Mentioning the words “airline” and “luggage” in the same sentence is one of the fastest ways to start an argument.
Maybe it’s enough to dredge up suppressed memories of your last flight, when an inconsiderate passenger stole the bin space above your seat with an overstuffed Rollaboard. Maybe you’re thinking of United Airlines, which recently announced it would crack down on oversize carry-on items.
Then again, perhaps Frontier Airlines, which said last week that it would start charging $25 for carry-on bags on certain fares, comes to mind.
Yes, the overhead bins are way too small. And yes, airlines want to check your bags because it speeds up boarding, and they earn billions in luggage fees.
But there’s a lot more to the luggage conflict.
We seem to have lost our way when it comes to airline baggage. True, U.S. airline passengers often have zero manners in the luggage department, particularly when it comes to their carry-on items. But air travelers have good reason for their lack of civility, and fixing the problem will require a concerted effort by travelers, airlines and agents.
Let me be the first to admit that my luggage etiquette is sometimes lacking. On a Southwest Airlines flight from Denver to Salt Lake City recently, I thoughtlessly shoved my son’s backpack over someone else’s seat as I boarded (I’m sorry). Going through customs at JFK a few weeks ago, my Delsey bag inadvertently rolled over another passenger’s feet (I’m really sorry about that one).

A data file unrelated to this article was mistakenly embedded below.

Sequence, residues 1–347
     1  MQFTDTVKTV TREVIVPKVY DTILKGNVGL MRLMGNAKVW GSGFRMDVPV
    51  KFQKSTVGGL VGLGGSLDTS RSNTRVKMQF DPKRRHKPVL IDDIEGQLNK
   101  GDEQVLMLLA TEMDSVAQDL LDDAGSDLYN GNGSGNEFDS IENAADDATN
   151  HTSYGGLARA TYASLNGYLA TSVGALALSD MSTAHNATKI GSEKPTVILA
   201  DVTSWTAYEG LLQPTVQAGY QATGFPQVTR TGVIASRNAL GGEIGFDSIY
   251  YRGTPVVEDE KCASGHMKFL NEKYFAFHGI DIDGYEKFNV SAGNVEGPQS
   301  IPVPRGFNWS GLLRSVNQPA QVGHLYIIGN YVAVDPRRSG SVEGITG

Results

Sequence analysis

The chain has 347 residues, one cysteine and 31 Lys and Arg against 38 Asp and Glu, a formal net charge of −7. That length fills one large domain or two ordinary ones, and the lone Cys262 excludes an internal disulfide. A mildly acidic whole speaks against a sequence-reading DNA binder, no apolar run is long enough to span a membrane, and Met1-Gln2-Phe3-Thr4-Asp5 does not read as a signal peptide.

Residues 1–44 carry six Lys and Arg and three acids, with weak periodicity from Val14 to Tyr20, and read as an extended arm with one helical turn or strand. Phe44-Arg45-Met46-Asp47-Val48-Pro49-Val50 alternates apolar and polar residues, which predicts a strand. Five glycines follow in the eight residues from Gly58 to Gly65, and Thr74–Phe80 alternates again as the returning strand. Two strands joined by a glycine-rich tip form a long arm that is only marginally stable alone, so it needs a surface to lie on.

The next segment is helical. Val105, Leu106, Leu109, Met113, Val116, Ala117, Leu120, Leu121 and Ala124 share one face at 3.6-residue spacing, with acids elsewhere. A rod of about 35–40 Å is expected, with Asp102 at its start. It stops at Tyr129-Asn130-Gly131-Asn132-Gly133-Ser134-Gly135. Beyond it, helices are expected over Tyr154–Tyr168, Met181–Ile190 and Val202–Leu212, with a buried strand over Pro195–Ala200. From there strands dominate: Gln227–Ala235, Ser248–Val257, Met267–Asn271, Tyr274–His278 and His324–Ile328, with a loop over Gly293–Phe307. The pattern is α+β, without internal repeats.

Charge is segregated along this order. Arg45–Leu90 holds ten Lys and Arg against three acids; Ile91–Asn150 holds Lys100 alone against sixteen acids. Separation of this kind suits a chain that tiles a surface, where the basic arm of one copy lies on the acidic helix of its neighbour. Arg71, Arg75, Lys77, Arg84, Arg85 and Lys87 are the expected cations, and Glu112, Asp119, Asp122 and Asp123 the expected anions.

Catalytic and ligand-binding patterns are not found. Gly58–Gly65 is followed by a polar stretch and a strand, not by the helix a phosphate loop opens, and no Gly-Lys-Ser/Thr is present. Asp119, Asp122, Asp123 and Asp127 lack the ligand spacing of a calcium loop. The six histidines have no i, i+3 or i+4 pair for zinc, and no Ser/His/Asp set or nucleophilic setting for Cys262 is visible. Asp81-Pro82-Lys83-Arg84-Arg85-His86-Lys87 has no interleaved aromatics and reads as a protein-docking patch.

The former faux pas is one of Patrick Smith’s pet peeves, especially when the bag is stored in the first available luggage bin.
“That causes the forward bins to quickly fill, meaning that passengers seated toward the front are forced to travel backward down the aisle to stow their belongings,” says Smith, author of Cockpit Confidential: Everything You Need to Know About Air Travel. Result: The already tedious boarding and deplaning process becomes even more time-consuming.
Susan Foster, author of the book Smart Packing For Today’s Traveler, says rolling over someone else’s feet is a problem — for kids. “Very small children with cute little rolling suitcases are a danger to all who cross their paths,” she says. “They are simply too young to know how to control the bag and to understand they should watch where it is going.”
What makes us lose our minds over luggage? Airline passengers used to schlep everything but the kitchen sink on board, fearing their checked bags would get lost. But less luggage is being lost by domestic airlines. Last year, the Transportation Department reported that 3.22 bags were lost or misplaced per 1,000 passenger enplanements, about half as many as in 2007. Then again, passengers have been more reluctant to check their luggage since most airlines stopped including the first checked suitcase in their ticket prices a few years ago.
“This shift has led to limited space for carry-ons and a slowed-down boarding process as passengers attempt to avoid bag fees,” concluded a recent report on airline complaints by the U.S. PIRG Education Fund.